Can Art & Hat Workshops @Papakōlea Community Center


The Roosevelt Junior Board is hosting a Can Art workshop this Saturday, June 22nd from 3-5pm and a Hat workshop Saturday July 20th from 3-5pm at the Papkōlea Community Center. In the late 1800s, many Hawaiians were displaced from their land in the rural parts of O’ahu and crowded into downtown tenements in search of work, according to state Department of Hawaiian Home Lands records. Several of those Hawaiian families moved onto public lands above Punchbowl crater looking for a healthy, self-sufficient life. They created the first neighborhood of Papkōlea. Today Papkōlea is a 27-acre homestead with 270 homes and about 1,500 residents near the entrance to the National Memorial Cemetery of the Pacific. The community was added to the Hawaiian Homestead Act in 1934.

The act provides for awarding Hawaiian home lands for homestead purposes to eligible applicants who are “native Hawaiian” which is defined as someone who has no less than 50 percent Hawaiian ancestry and who is at least 18 years old. Approximately 200,000 acres of homestead lands are provided for in the Hawaiian Home Lands program. These lands are on O’ahu, Hawai’i, Kaua’i, Maui, Lana’i and Moloka’i for residential, agricultural, and pastoral homestead leases.

With summer here, members of 808 Urban’s Roosevelt Junior Board are ready to fulfill their mission by participating in a community revitalization project in Papakōlea.  In April 2013, these talented young artists contacted the community board of Papakolea in hopes to collaborate with them in their efforts to promote community change through their artwork.  Since then, they are set to host 2 art workshops and a large-scale mural on the outside of the community center.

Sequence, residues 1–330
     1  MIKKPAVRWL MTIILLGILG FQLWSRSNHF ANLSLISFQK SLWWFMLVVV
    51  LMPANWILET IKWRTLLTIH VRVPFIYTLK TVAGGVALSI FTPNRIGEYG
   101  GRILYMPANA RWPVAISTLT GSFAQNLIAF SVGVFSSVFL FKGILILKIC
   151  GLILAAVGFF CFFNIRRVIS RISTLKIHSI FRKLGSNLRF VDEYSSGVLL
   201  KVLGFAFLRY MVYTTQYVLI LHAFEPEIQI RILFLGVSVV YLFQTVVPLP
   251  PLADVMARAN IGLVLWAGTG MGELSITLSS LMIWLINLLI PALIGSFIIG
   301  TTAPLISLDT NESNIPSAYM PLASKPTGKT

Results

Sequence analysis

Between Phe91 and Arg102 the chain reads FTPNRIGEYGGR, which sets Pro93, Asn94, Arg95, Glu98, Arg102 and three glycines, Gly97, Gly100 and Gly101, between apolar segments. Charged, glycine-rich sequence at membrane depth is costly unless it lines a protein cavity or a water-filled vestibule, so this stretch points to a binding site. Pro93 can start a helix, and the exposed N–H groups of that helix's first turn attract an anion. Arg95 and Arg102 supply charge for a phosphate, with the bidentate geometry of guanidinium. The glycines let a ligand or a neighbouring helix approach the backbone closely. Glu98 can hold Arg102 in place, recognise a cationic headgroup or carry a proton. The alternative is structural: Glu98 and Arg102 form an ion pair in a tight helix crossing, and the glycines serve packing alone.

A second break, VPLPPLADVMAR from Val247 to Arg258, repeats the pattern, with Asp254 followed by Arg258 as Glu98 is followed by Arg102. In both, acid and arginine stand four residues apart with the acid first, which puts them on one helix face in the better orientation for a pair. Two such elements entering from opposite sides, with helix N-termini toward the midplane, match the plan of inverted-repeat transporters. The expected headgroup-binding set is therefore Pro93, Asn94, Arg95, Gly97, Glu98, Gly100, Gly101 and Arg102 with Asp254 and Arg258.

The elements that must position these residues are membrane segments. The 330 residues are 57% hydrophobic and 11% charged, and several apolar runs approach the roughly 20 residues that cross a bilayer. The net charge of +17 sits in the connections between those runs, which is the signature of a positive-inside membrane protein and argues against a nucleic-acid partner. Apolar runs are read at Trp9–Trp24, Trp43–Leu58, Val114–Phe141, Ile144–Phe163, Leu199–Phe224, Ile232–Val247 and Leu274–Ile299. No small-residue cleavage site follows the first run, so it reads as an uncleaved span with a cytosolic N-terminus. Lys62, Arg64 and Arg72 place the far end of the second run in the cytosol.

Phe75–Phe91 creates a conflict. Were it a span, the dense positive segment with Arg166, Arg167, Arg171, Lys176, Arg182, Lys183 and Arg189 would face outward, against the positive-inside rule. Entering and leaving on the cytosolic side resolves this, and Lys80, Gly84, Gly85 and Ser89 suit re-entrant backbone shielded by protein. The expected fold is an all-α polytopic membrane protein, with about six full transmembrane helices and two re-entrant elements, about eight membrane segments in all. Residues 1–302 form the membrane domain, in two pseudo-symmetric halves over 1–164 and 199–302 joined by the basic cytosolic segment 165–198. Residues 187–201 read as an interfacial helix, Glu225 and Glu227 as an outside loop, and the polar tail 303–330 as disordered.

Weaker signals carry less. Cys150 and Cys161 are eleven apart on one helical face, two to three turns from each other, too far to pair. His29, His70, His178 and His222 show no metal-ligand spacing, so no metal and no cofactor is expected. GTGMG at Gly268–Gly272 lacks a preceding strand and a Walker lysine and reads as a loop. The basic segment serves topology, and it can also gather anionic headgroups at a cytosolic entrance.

The parents of the neighborhood are very enthusiastic about this project, because it gives their children something productive to do during these summer days and offers them an opportunity to help beautify their community.  Laetitia Mahoney, lead artist of the Roosevelt Junior Board says, “There are a lot of troubled youth in this neighborhood, so this is something very positive for them to do.”  She says that art has the power to bring people together and keep kids out of trouble.

There will be two separate workshops held in efforts to raise money for the production of the final mural, which will be created this August.  There will be a recycled spray can workshop on June 22nd; the Roosevelt board will sell $3 cans to the children in the neighborhood so they can paint them.  Then, on July 20th, there will be a hat workshop; $5 hats will be sold and the children and youth  will be able to paint them.  Both of these workshops will not only raise funds, but it will help engage the youth in preparation for the mural in August.  The board is also applying for their first mini-grant from the Awesome Foundation.

This is a great opportunity to engage in the culture within a Hawai’ian community.  In preparation of the mural painting, the board will go on a cultural tour to learn the history of Papakōlea.  Part of each board’s mission is to find the unique stories of the areas they represent and to share these visually on the walls in their community.   The Roosevelt Junior Board thinks this is a great opportunity for youth in the neighborhood to get involved with the board and hopefully join.  Laetitia says, “The board is active in Roosevelt High School, and this project can bring more kids together for the same cause.”   This gives youth in Papakōlea the opportunity to join the Roosevelt Junior Board and ensure the continuation of the board’s mission within their community.